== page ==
Deadly China blast disrupts world's 10th largest port

The Pak Banker - - BUSINESS -

Ex­plo­sions that sent huge fire­balls through China's Tian­jin port have dis­rupted the flow of cars, oil, iron ore and other items through the world's 10th largest port.

The blast sent ship­ping con­tain­ers tum­bling into one another, leav­ing them in bent, charred piles. Rows of new cars, lined up on vast lots for dis­tri­bu­tion across China, were re­duced to black­ened car­casses. Ships car­ry­ing oil and "haz­ardous prod­ucts" were barred from the port Thurs­day, the Tian­jin Mar­itime Safety Ad­min­is­tra­tion said on its of­fi­cial mi­croblog. It also said ves­sels were not al­lowed to en­ter the cen­tral port zone, which is near the blast site.

Tian­jin is the 10th largest port in the world by con­tainer vol­ume and the sev­enth largest in China, ac­cord­ing to the World Ship­ping Coun­cil, mov­ing more con­tain­ers than the ports of Rot­ter­dam, Ham­burg and Los An­ge­les. It han­dles vast quan­ti­ties of me­tal ore, coal, steel, cars and crude oil.

Aus­tralian min­ing gi­ant BHP Bil­li­ton said the blast had dis­rupted iron ore ship­ments and port oper­a­tions, but had not dam­aged any iron ore at the port. "We are work­ing with our cus­tomers to min­i­mize any po­ten­tial im­pact," it said in a state­ment Thurs­day. Volk­swa­gen spokes­woman Larissa Braun said ve­hi­cles at a stor­age fa­cil­ity near the blast were dam­aged.

"We will ship cars from our stor­age fa­cil­i­ties at other ports to en­sure our deal­ers have ad­e­quate sup­ply," she said. Volk­swa­gen's com­po­nent plant, 20 kilo­me­ters (12 miles) away, suf­fered no dam­age, though some em­ploy­ees had mi­nor in­juries, she added.

Toy­ota said it also lost some cars await­ing ship­ment, though it was still in­ves­ti­gat­ing the ex­tent of the dam­age. Win­dows broke at some build­ings and deal­er­ships, and a few em­ploy­ees in the area were in­jured, it said. "We are still as­sess­ing the po­ten­tial im­pact on our oper­a­tions, in­clud­ing lo­gis­tics and sup­ply chain man­age­ment," spokesman Ni­cholas Max­field said.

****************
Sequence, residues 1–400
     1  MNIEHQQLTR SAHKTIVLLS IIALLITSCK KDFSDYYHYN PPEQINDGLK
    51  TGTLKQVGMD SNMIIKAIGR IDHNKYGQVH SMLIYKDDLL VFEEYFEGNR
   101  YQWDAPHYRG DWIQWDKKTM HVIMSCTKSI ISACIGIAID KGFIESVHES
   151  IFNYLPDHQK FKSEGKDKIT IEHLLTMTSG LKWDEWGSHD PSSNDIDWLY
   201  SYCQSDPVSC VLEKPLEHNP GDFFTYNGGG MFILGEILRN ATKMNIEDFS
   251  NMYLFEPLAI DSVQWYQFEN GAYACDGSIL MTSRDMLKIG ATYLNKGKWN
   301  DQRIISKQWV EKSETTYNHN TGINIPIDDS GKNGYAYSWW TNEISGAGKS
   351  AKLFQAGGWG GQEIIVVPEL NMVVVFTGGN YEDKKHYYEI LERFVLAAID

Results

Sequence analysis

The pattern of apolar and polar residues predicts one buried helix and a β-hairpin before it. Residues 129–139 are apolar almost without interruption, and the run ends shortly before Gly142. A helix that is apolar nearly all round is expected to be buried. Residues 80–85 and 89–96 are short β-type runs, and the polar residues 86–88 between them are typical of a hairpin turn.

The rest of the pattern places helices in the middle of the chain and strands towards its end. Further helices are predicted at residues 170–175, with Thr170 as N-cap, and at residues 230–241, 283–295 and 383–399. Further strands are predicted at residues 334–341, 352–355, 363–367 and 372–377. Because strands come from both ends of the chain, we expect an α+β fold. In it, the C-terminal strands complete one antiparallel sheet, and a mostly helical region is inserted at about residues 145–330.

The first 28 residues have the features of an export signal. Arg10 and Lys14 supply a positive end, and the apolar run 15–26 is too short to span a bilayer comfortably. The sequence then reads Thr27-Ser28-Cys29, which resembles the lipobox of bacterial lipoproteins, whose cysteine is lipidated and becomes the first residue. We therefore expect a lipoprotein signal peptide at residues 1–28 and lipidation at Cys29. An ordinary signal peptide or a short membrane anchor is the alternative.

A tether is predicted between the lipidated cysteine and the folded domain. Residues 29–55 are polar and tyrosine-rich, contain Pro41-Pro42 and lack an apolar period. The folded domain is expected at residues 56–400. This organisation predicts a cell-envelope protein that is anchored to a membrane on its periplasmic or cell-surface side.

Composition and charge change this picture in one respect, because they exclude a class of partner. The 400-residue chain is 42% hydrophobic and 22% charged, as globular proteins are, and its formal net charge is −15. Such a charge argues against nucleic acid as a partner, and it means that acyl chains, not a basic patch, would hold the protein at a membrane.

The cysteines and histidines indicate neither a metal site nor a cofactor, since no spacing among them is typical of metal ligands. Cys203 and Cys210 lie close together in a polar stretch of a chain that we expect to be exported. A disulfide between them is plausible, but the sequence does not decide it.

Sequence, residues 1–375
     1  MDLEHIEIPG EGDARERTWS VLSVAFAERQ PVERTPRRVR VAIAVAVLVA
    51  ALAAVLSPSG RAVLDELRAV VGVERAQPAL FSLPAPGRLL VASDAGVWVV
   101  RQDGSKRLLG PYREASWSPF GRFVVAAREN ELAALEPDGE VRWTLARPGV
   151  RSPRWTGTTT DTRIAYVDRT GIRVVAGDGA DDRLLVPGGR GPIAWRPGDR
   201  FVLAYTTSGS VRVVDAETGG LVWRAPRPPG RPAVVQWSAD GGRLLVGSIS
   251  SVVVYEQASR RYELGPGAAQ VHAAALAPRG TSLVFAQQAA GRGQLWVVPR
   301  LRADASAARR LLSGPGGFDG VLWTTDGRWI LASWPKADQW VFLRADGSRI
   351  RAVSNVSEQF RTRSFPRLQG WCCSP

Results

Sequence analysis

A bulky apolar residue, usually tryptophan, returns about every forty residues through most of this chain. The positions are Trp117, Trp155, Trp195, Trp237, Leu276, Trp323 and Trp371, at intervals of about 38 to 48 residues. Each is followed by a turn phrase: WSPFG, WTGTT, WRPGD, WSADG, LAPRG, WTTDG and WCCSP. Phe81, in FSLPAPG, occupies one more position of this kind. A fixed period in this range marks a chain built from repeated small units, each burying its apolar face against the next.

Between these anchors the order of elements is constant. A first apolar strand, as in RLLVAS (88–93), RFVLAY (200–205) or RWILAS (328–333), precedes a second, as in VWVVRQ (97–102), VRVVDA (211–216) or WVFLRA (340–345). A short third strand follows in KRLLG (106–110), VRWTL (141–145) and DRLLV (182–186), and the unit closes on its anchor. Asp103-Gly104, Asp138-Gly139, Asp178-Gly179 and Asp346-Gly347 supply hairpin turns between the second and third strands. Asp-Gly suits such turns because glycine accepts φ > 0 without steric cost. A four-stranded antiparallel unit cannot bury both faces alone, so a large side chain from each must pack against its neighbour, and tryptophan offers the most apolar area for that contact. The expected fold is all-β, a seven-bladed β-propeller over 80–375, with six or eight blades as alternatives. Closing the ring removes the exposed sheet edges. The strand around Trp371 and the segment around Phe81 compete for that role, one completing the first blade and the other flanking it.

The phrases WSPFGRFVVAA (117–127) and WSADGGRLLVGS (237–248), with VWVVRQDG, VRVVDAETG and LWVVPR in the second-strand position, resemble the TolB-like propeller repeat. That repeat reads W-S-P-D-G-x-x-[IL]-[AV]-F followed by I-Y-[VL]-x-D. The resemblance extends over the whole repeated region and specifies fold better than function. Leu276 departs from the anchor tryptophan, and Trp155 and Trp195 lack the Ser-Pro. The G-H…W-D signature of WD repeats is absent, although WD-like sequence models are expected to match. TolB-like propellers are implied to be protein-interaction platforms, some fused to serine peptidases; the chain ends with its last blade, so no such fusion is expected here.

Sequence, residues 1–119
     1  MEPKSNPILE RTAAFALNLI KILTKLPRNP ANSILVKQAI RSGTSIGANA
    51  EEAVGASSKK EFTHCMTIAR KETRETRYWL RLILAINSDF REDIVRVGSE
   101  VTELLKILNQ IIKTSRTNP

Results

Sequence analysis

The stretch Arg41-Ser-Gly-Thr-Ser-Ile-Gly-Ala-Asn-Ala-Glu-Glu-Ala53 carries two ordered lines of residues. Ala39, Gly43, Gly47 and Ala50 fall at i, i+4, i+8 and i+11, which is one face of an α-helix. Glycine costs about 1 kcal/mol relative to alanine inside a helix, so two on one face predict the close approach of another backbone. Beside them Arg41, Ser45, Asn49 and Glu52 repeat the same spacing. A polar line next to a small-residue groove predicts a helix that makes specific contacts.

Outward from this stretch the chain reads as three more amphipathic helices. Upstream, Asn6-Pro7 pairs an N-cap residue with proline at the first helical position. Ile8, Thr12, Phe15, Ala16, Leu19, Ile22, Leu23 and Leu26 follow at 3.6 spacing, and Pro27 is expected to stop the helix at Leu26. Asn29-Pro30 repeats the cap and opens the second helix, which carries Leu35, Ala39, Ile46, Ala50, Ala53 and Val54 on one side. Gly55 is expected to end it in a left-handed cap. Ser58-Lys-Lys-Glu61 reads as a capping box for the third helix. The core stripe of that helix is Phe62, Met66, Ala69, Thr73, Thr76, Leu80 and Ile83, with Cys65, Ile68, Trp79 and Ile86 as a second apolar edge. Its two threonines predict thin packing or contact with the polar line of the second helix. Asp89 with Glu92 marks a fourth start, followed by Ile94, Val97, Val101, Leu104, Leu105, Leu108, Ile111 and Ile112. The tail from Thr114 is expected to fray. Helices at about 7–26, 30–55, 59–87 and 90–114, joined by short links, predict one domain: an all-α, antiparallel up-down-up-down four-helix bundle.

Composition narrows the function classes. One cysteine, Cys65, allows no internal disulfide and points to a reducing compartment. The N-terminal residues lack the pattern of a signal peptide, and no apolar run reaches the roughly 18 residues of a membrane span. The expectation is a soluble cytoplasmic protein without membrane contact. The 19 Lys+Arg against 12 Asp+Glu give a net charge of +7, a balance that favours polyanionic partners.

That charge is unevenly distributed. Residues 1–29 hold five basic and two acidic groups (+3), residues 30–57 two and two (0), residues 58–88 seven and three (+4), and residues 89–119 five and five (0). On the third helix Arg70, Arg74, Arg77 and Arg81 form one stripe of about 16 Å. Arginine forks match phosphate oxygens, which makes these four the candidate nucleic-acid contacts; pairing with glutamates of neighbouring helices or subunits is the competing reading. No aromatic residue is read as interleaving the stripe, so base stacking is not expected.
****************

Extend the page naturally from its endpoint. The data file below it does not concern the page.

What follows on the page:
Dan­ish ship­ping and oil group A.P. Moller-Maersk said oper­a­tions at its Tian­jin port ter­mi­nals, which are 5 kilo­me­ters (3 miles) from the blast site, re­sumed Thurs­day. A few ware­houses owned and op­er­ated by sup­pli­ers to its lo­gis­tics com­pany, Damco, were dam­aged, two of them se­ri­ously. It said late Thurs­day that ac­cess re­stric­tions and on­go­ing sal­vage oper­a­tions have pre­vented it from fully as­sess­ing dam­age to cargo and Maersk Line con­tain­ers.

Port op­er­a­tor Tian­jin Port De­vel­op­ment Hold­ings halted trad­ing of its shares in Hong Kong Thurs­day. The com­pany said in a state­ment to the Hong Kong Stock Ex­change that its port oper­a­tions were nor­mal and it did not an­tic­i­pate "any ma­te­rial loss." It ap­plied for trad­ing to re­sume Fri­day. The stock is also listed in Shang­hai, where it lost 2.1 per­cent in an oth­er­wise ris­ing mar­ket.

Tian­jin is north­ern China's largest port, a gate­way to Bei­jing that has grown in im­por­tance as com­pa­nies seek­ing lower man­u­fac­tur­ing costs mi­grated from China's eastern and south­east­ern manu- fac­tur­ing cen­ters. Mo­torola, Toy­ota, Sam­sung, Nes­tle, Honey­well, Coca-Cola, Bridge­stone, La­farge, Glax­oSmithK­line and Novo Nordisk, among oth­ers, have oper­a­tions in Tian­jin, ac­cord­ing to a gov­ern­ment trade pro­mo­tion web­site.

The over­all eco­nomic im­pact of the blast will hinge, in part, on how long the cleanup takes. The gov­ern­ment has so far said lit­tle about the cause of the blast. Tian­jin author­i­ties sus­pended fire­fight­ing Thurs­day so chem­i­cal ex­perts could sur­vey for haz­ardous ma­te­ri­als and the lo­cal En­vi­ron­men­tal Pro­tec­tion Bureau said it had iden­ti­fied toluene and chlo­ro­form in the air.

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